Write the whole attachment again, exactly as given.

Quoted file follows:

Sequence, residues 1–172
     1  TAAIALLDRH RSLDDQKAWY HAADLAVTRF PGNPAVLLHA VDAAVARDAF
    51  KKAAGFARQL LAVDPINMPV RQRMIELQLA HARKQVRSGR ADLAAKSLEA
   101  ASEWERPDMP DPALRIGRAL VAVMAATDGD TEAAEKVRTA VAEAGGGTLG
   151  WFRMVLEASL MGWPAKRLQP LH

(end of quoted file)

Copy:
Sequence, residues 1–172
     1  TAAIALLDRH RSLDDQKAWY HAADLAVTRF PGNPAVLLHA VDAAVARDAF
    51  KKAAGFARQL LAVDPINMPV RQRMIELQLA HARKQVRSGR ADLAAKSLEA
   101  ASEWERPDMP DPALRIGRAL VAVMAATDGD TEAAEKVRTA VAEAGGGTLG
   151  WFRMVLEASL MGWPAKRLQP LH